1969 Lamborghini Miura P400S Coupé

1969 Lamborghini Miura P400S Coupé

Ferruccio Lamborghini's bold challenge to Ferrari had begun in 1964 with the 350GT but it was the arrival of the Miura - arguably the founder of the supercar class - that established Lamborghini as a major manufacturer of luxury sporting cars. Prior to the model's official debut at the 1966 Geneva Salon, Lamborghini cars were respected for their impressive mechanical specifications but they somehow lacked a distinctive persona. All this changed with the arrival of the Miura, named after Don Eduardo Miura, a famous breeder of fighting bulls. The Miura project first surfaced as a rolling chassis displayed at the 1965 Turin Motor Show but was not expected to become a production reality. Nevertheless, by the time of the Geneva Salon the following year, the first completed car was ready for unveiling to an awe-struck press and public.

The car's technical specification was breathtaking in its sophistication and complexity. Designed by Gianpaolo Dallara, the Miura carried its transversely mounted engine amidships in a box-section platform chassis, the latter clothed in stunning coupé coachwork styled by Bertone's Marcello Gandini. Like the contemporary 400GT, the Miura used the 4.0-litre version of Lamborghini's Giotto Bizzarrini-designed four-cam V12. With 350bhp available, the Miura was capable of shattering performance, a top speed of 180mph (290km/h) being claimed. Production examples were independently tested at more than 170mph, confirming that the Miura was the world's fastest production car. Perhaps surprisingly, Lamborghini's assessment of demand for its new baby would prove to be way out: instead of the 20 sales expected for the first year of production (1967), they ended up delivering 108 cars.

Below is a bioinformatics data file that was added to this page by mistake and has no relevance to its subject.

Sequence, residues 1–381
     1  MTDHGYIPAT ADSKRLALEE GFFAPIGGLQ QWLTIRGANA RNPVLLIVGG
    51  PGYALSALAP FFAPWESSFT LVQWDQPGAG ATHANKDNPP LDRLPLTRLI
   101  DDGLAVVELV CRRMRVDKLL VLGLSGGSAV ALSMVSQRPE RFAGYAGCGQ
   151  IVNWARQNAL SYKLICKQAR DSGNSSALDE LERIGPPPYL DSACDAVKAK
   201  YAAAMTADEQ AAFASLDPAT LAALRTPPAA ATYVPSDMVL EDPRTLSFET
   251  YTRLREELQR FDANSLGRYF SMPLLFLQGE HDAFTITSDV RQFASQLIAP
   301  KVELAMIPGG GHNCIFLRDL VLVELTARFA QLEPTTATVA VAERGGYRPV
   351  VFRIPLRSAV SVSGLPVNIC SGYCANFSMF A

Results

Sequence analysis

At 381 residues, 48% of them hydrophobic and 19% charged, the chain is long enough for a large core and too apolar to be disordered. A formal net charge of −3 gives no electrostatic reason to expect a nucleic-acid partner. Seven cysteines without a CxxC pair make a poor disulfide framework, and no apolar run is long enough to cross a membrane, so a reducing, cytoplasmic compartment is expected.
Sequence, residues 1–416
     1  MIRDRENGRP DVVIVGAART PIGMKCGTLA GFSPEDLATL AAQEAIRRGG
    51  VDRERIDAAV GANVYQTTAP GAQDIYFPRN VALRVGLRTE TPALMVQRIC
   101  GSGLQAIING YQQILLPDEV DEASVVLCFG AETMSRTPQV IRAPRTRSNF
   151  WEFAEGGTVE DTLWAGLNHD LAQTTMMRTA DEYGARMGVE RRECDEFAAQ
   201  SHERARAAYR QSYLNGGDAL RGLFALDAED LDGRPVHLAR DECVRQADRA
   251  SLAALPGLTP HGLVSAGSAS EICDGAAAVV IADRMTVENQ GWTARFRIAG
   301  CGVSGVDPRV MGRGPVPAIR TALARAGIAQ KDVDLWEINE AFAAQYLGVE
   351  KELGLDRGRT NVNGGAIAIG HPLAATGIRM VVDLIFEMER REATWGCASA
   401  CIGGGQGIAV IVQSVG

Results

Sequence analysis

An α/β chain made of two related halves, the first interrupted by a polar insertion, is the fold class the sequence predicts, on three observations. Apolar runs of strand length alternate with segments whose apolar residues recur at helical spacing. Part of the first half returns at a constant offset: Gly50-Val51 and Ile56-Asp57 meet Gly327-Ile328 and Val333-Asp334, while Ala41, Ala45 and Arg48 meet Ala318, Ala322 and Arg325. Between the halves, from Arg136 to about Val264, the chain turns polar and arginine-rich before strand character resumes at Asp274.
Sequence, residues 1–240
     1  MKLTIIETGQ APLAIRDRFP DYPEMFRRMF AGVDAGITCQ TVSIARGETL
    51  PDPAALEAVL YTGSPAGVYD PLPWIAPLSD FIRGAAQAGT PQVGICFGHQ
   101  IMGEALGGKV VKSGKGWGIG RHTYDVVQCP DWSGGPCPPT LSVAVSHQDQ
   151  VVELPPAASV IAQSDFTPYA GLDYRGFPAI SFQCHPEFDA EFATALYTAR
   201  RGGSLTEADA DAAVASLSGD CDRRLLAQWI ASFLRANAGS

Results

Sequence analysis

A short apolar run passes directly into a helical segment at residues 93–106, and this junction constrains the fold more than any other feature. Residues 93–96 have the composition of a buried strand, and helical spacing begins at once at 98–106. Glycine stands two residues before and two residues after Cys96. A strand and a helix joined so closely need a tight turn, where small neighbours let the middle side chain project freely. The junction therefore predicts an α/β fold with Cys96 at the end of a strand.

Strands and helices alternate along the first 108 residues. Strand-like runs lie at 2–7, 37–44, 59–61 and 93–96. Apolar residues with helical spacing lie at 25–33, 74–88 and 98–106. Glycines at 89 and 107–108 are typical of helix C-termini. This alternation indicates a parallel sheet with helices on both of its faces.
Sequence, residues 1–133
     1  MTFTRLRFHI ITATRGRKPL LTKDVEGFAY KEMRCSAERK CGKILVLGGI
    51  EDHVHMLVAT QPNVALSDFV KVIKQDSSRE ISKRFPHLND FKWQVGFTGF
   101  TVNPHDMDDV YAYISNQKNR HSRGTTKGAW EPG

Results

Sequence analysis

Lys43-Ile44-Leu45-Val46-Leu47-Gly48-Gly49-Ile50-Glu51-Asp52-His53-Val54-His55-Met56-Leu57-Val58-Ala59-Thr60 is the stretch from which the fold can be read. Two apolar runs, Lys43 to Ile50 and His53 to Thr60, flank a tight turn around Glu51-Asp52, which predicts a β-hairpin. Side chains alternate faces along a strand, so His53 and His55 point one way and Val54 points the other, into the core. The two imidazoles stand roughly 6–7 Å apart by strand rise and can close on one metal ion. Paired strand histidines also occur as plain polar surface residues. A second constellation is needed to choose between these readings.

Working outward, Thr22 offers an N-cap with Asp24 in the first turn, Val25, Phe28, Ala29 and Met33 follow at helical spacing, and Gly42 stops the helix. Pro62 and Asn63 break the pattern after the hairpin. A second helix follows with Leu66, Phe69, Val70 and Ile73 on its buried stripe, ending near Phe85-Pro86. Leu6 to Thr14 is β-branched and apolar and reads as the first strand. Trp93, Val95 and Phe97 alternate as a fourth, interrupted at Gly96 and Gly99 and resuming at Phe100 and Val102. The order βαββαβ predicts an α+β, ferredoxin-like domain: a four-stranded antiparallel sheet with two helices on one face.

Early in 1968, after the 125th car had been completed, the steel used in the chassis was increased from 0.9 to 1mm in thickness, while from April that year customers could specify a leather interior. They also had a wide choice of eyeball-popping exterior colours that would be unthinkable on a Ferrari, Maserati or – heaven forbid – an Aston Martin. It all helped to cement the Miura's reputation as the brash new kid on the block.

Initial development had concentrated on chassis strengthening, these improvements being consolidated in the more powerful Miura 'S', for spinto (tuned), introduced at the Turin Motor Show in 1968. Produced from January 1969, the Miura P400S featured a more-powerful (370bhp) engine and was outwardly distinguishable from the preceding model by its wider tyres. Other improvements included a quieter transmission, electric windows, better quality interior fittings, leather trim and a re-routed exhaust system that left room for a larger luggage compartment. Later, Series II examples benefited from ventilated brake discs that markedly reduced fade. Around 140 were built before the introduction of the SV version in 1971. Production of the original P400 effectively ended when the successor 'S' version was introduced, by which time a little over 470 of these wonderful cars had been produced. The 'S' would not be so numerous, only 140 examples leaving the factory between 1969 and 1971.

Descriptions and pictures by bonhams

Production Start 1969
Country of origin Italy